Lights, pumps, and fans can make some noise. Keep it in my mind when setting up your grow room and make sure it won’t disturb you.



You don’t want to have any carpeting in your grow room because it will hold moisture, house bugs, and bacteria. Concrete floors are commonly used in grow rooms because they are relatively cheap and easy to clean. You can cover your floors with water-resistant materials, like cementitious urethane, and while it can cost quite a bit, it’s definitely worth it because it will make it much easier to clean your grow room and you won’t have to worry about spills too much. You can also use pond liner or another type of rubber sheeting that repels water.


Step 2: Choose How to Configure Your Space


Once you’ve found a suitable space, you need to work out how to configure it. You can convert an entire room into a grow room, you can use a grow tent, or you can convert an enclosed space, like a cupboard.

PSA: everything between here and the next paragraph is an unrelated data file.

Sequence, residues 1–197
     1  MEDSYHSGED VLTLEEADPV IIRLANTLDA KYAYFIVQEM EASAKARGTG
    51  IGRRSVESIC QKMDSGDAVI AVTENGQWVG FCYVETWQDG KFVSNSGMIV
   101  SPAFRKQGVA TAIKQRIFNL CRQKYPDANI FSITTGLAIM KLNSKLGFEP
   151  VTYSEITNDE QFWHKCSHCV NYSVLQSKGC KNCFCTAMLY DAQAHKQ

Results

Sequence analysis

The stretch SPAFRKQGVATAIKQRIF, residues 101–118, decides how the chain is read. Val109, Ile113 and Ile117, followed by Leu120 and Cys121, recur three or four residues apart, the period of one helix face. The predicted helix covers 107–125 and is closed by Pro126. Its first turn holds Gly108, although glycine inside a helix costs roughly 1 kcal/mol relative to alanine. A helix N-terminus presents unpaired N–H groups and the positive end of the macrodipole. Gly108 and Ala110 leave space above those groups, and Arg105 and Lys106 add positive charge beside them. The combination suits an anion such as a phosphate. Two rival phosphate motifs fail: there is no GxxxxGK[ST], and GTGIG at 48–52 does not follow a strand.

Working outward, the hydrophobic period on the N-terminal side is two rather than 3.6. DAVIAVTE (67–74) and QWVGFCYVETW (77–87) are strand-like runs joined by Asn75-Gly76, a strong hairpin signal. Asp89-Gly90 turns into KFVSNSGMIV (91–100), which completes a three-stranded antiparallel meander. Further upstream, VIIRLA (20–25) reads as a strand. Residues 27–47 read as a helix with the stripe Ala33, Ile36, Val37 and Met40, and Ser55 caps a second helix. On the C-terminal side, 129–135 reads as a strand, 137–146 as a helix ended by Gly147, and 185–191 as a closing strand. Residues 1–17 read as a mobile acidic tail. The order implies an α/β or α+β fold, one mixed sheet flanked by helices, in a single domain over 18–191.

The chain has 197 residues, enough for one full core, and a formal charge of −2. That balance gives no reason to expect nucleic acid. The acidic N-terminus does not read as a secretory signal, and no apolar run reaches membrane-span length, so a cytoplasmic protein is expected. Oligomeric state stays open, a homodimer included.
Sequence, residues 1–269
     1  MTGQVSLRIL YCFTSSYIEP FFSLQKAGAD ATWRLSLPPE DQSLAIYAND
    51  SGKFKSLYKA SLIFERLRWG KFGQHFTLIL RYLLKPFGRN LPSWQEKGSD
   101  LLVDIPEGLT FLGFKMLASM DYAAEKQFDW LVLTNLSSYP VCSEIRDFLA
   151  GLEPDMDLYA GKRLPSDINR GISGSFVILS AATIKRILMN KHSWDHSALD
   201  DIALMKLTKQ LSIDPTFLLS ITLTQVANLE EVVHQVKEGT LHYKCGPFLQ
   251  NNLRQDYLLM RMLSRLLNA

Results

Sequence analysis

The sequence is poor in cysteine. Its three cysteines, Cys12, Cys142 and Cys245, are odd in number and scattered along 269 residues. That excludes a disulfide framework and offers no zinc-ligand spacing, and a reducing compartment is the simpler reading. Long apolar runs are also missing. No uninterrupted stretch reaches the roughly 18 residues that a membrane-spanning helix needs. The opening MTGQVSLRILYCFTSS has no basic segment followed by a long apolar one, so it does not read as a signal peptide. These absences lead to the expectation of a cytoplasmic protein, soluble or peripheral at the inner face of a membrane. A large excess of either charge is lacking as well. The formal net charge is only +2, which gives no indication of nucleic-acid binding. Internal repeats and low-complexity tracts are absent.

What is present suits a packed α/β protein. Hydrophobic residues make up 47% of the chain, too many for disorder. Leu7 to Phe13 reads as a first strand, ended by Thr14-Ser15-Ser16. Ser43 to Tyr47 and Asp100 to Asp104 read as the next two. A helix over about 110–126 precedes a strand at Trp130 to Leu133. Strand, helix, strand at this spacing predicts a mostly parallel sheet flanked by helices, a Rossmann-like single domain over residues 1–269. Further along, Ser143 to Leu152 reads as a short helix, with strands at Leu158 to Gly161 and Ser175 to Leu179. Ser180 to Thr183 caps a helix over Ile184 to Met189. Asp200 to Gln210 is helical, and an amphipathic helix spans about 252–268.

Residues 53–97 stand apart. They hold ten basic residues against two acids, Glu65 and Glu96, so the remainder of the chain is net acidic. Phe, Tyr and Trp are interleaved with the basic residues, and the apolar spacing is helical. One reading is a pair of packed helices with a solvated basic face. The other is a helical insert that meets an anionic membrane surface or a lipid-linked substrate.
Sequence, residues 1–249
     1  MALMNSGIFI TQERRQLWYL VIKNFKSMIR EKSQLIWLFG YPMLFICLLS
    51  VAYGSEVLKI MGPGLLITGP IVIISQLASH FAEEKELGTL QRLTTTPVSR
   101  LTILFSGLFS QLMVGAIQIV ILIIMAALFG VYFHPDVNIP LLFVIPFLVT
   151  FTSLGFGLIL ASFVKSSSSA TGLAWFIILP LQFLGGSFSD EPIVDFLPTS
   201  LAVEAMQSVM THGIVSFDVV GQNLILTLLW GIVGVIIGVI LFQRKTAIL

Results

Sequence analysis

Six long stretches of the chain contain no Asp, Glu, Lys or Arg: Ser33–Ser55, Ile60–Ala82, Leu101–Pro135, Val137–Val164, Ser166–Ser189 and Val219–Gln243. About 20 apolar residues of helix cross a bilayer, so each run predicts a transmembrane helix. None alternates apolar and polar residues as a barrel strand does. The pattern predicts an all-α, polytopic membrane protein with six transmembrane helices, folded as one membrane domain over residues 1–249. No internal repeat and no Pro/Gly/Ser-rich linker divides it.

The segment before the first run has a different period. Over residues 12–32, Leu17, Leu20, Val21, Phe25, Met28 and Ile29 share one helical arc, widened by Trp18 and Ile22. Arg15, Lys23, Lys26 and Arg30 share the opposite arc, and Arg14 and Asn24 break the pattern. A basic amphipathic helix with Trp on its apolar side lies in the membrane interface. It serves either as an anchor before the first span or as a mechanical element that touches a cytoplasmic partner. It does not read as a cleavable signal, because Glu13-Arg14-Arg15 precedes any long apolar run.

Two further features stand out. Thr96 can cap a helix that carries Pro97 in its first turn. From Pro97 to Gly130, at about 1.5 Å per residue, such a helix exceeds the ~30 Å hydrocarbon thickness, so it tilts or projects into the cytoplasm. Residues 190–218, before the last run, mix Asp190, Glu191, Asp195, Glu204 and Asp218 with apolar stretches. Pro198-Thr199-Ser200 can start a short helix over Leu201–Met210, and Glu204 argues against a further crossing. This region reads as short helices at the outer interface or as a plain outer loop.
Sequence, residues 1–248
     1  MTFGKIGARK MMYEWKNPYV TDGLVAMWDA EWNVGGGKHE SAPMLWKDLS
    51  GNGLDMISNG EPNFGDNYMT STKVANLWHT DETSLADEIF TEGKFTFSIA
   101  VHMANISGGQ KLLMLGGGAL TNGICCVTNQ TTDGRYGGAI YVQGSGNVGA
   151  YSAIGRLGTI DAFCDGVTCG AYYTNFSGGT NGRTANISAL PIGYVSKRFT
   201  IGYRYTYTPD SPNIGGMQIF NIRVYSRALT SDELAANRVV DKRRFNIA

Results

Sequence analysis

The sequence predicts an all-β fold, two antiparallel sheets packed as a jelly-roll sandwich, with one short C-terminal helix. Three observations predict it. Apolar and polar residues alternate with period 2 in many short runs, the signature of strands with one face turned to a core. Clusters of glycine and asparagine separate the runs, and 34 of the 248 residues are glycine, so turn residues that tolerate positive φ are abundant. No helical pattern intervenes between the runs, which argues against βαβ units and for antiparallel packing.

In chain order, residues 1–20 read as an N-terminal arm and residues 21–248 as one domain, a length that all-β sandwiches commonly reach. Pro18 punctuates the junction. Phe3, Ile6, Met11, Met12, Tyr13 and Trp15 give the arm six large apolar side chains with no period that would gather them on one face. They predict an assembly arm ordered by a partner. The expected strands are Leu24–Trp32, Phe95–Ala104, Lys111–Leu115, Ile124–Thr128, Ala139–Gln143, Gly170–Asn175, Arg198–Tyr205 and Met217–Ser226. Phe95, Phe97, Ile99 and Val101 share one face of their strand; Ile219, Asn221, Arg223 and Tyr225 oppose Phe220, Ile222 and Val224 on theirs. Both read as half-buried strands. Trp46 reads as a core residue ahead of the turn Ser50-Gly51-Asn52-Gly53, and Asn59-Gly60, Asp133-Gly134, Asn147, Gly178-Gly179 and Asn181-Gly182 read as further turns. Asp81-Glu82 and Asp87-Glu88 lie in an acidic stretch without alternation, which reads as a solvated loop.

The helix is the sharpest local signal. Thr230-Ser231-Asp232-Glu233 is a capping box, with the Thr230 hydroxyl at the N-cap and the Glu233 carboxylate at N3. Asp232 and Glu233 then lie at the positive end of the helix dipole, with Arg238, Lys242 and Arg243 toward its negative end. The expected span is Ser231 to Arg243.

Converting a whole room will give you the most space, but it will also take the most work, as you will have to make it light tight, install a ventilation system, and you will need lots of grow lights.


Having a grow tent will give you less space, but it’s much easier to control the optimum climate, minimize light loss, and prevent pest infestations in a grow tent than in a grow room.


Converting an enclosed space will likely give you even less space than a grow tent, and it will limit you in terms of choosing grow lights because of the heat they produce, but it’s still a good option if you have limited space.


Step 3: Make Your Growing Space Light Tight


You will need to make your growing space light tight to prevent the light from your grow lights escaping and also prevent the natural light from interfering with your lighting cycle. If there’s a small window or natural light source in your grow room, block it off or light trap the area with total blackout reflective sheeting.


Ideally, you should paint your walls white or cover them with reflective sheeting. Reflective sheeting is more expensive than simply painting the walls, but it does two great things. Firstly, it stops light escaping. Secondly, it keeps natural light out of your setup. This way, it doesn't interfere with your lighting cycle.